We had to have a large number of plays. I remember Ernie saying to me, shortly before we closed our company in 1924, “This stuff, Kitty, compared with the great dramatists, is like Tin Pan Alley compared with Beethoven. It's the same old theme in all of our plays, but you have to come up with new variations all the time or the people get tired of it.”

Virtue and villainy were qualities which stood out in most plays of the period like the huge masks of a Mardi Gras parade, caricatured and enlarged beyond resemblance to anything real. But work and hardship came in oversized bundles too. So if an evening at the old opera house, whose Drama and Comedy murals were being slowly blackened by the gas jets, provided the antidote, the mixture had to be a strong one. The Marks companies played it not only heavy, but nice and loud. The people loved it, and them. The sight of a Marks troupe alighting from a train anywhere in the country sent a quiver of excitement through the station loungers equal-

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led only by ttftrexcitement of a circus parade.

Ad libbing was common because so many plays were so much the same. If a player forgot a few lines it was fairly safe to shout, “You’ll pay for this, you scoundrel!” or “Never, never, as long as there is a breath of life in my body!” Or anything similar. But not always. One night in London. Ont., Ernie was playing a lawyer. He was to open the last act with a long plea to the jury.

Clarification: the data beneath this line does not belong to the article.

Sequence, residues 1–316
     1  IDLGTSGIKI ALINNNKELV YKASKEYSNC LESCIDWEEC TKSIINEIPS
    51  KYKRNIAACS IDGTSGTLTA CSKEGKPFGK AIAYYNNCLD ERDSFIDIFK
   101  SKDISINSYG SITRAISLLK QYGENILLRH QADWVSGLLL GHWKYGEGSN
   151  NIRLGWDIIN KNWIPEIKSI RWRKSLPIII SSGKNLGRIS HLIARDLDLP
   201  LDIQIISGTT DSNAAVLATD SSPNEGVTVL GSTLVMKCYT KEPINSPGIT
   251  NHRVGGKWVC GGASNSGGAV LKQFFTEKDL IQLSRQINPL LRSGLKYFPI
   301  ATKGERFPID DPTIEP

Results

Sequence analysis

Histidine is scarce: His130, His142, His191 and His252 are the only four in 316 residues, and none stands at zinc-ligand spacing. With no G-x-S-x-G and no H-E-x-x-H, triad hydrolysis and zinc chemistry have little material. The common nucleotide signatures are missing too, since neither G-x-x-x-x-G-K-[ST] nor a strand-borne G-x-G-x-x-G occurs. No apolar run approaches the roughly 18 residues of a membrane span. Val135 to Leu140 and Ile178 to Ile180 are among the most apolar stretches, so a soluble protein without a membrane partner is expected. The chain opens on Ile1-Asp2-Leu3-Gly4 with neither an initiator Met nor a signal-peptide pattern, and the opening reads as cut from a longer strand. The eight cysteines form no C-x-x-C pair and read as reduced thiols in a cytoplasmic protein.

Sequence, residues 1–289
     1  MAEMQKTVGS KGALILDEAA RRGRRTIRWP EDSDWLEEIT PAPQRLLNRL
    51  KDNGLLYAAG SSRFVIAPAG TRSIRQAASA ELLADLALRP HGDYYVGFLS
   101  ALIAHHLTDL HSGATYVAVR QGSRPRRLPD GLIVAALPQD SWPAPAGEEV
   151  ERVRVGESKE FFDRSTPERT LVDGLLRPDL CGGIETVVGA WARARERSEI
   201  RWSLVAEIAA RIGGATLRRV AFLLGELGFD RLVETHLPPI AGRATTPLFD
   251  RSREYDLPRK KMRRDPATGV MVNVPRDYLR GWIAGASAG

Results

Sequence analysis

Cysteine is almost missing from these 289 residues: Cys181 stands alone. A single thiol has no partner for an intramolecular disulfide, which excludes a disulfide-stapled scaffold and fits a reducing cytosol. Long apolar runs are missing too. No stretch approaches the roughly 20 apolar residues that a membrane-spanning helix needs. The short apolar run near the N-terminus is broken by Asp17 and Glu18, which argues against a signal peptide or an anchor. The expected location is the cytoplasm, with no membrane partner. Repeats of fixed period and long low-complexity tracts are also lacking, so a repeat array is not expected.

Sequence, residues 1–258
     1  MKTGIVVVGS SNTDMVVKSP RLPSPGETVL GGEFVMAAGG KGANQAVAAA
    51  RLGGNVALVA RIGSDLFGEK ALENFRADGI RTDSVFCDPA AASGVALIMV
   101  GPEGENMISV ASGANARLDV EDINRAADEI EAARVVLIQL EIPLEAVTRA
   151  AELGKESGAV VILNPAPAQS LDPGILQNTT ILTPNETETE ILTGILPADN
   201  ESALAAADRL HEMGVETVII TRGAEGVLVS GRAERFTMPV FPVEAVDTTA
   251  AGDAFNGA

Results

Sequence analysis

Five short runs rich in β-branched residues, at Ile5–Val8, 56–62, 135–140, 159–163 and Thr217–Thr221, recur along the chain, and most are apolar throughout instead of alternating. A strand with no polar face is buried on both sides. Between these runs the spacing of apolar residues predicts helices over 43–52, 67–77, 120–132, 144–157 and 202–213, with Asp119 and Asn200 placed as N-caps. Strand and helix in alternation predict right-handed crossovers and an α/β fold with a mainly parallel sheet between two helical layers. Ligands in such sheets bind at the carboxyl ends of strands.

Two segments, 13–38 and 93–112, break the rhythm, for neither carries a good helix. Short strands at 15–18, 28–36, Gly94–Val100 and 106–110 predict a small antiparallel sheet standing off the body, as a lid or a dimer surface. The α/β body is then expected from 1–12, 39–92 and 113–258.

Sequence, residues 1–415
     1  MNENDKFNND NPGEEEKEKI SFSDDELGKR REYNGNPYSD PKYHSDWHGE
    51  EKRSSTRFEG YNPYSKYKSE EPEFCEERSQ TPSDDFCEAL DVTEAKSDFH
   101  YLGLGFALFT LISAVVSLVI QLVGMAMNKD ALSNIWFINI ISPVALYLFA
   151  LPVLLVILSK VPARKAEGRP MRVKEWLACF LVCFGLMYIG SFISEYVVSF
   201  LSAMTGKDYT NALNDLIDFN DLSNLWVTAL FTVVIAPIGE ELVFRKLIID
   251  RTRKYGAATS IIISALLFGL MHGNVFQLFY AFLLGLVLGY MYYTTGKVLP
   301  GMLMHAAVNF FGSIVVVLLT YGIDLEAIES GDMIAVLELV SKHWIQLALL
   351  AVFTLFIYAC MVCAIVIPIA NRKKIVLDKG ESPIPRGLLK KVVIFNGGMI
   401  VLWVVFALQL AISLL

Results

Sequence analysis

He was suddenly taken ill. He rose slowly, gazed at us for a moment, ad

libbed, “I’m washing my hands of this case here and now,” and walked off. The rest of us ad libbed the scene back onto the rails so deftly the audience never knew anything had been wrong.

Such resourcefulness wouldn’t have been much use when in Kingston one night about fifty Queen's students came to the opera house with the evening's presentation. Jesse James, committed to memory. The students had a block of seats in the gallery. From the opening to the final curtain they chanted the lines in unison with each member of the cast.

It was unnerving but we stuck it out; and no one asked for a refund at the box office.

Soon after the Kingston experience we were booked to play Cobalt, then a raw young mining town. We were uneasy about going to what we envisioned as a tough, rootin’ shootin’ mining community, especially after what had happened at Kingston. During the first performance coins began to rain down on the stage. It made us uneasy until we realized that it was meant as a gesture of approval. The more open-handed

members of the audience hurried back to the hotel ahead of us and had the bar lined with drinks for the male members of the cast.

Even in small towns, though, there was an occasional snag. At Orillia in 1912 the opera-house manager refused Alex’s company the use of the theatre. "Town hall's good enough for you rubes.” the manager told him. Alex soon discovered that Robert Manteli had been in Orillia playing Julius Caesar and Macbeth two weeks previously. Still under the spell of that fine old American ham. the manager refused to have his boards desecrated by a troupe of Ontario backwoodsmen.